From Fundamental to Properties
AbstractRead the abstract
Table of contentsSee the table of contents
List of examples
- 2.1: Refrigeration system
- 2.2: VLE observation
- 2.3: Flexfuel model
- 2.4: Phase envelope of a natural gas with retrograde condensation
- 2.5: Entropy rise in a ideal gas expansion
- 2.6: Cryogenic plant
- 2.7: Distillation column
- 2.8: Energy balance in a column feed
- 2.9: Risk of condensation of water in a gas stream
- 2.10: Effect of the feed composition on the water-gas shift reaction
- 2.11: Effect of temperature on the reaction constant
- 2.12: Chemical looping
Example 2.10: Effect of the pressure on the methane reforming reaction
In the methane reforming reaction, water and methane react to yield hydrogen gas and carbon monoxide. The reaction is catalyzed so that it can be considered in thermodynamic equilibrium. It occurs in the vapour phase. The equilibrium constant at 800 K is 0.032 if the reference state is taken at 1 bar. What is the effect of pressure on this reaction?
Pressure and temperature are assumed to be known.
The reaction occurs in the vapour phase, and at rather high temperature (this is an endothermic reaction, so its advancement is increased at high temperature). As a first approximation, we can therefore state that the reaction occurs in an ideal gas. The equation that relates pressure with the equilibrium condition is then:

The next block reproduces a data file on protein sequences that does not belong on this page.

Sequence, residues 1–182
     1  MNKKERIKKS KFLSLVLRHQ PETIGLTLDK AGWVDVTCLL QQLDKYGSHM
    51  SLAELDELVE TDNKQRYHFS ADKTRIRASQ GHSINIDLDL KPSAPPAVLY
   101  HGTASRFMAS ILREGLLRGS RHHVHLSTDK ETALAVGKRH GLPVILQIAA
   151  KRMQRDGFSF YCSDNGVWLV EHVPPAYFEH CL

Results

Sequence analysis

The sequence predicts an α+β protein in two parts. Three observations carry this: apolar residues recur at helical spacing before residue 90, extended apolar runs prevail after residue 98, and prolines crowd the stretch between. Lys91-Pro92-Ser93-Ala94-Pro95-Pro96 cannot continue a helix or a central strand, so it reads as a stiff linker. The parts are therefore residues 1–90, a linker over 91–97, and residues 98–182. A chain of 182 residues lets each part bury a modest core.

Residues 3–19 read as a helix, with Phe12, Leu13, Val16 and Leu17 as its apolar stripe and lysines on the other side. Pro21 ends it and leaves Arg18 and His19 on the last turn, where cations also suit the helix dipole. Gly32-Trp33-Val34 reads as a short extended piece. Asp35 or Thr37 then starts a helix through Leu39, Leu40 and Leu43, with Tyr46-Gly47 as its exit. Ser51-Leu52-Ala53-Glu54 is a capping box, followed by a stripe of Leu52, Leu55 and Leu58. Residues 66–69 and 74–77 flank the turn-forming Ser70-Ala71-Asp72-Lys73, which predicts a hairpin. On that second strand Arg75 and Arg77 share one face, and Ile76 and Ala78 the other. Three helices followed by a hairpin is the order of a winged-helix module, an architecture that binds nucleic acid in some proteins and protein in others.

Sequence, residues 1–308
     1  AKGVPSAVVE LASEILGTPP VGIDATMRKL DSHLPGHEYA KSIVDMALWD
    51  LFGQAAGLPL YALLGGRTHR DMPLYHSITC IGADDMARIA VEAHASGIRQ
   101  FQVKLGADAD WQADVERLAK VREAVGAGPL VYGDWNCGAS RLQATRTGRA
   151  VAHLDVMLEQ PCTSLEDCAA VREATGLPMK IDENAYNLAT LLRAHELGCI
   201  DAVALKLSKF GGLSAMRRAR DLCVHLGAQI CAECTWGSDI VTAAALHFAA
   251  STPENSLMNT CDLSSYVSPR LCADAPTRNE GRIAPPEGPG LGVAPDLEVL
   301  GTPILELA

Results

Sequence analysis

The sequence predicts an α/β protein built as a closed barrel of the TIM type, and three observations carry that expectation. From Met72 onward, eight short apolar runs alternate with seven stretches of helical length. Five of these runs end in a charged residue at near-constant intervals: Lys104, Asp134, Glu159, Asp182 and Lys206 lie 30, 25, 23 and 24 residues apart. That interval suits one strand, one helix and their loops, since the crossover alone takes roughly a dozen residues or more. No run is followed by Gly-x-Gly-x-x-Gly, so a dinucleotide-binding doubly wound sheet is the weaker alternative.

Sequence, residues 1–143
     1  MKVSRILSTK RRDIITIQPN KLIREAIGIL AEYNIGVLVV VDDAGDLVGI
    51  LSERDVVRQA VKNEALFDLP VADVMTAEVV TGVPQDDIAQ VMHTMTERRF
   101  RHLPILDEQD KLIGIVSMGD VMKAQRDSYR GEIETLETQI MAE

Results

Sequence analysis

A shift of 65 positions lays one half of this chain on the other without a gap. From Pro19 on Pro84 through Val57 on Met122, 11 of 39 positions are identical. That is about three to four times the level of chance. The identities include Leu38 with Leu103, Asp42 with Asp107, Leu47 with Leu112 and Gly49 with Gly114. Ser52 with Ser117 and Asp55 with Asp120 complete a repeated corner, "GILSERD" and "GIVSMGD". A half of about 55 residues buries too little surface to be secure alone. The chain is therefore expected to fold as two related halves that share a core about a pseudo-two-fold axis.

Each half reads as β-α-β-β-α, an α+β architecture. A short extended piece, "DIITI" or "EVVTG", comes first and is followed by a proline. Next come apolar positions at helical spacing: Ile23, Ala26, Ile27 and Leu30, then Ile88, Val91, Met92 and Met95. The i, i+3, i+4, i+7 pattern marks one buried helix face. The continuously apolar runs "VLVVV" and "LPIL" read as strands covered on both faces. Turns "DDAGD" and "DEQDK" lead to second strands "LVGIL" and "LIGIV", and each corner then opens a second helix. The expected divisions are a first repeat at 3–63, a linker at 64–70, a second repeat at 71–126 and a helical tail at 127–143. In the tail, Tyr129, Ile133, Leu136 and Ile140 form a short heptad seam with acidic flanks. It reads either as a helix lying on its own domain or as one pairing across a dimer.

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The exact stoechiometry of the reaction must first be determined:
The sum of the stoechiometric coefficients, =3+1-1-1 = 2 is positive (more products than reactants).
The mole number of each component is written as:
where is the extent of reaction. The molar fractions are calculated as:
It is now easy to calculate , for any pressure, if the extent of reaction is known. In the example sheet, we find this value by numerically solving
Note that is taken as 1 bar, since the reference state is 1 bar if pressure is expressed in the same unit. The solution is found in figure 1:
The conversion decreases with pressure, which is in accordance with the Le Chatelier principle (the system reacts so as to counteract the change that is imposed). Since in the reaction that is considered here more molecules are created than consumed, pressure should result in a decrease of the extent of reaction.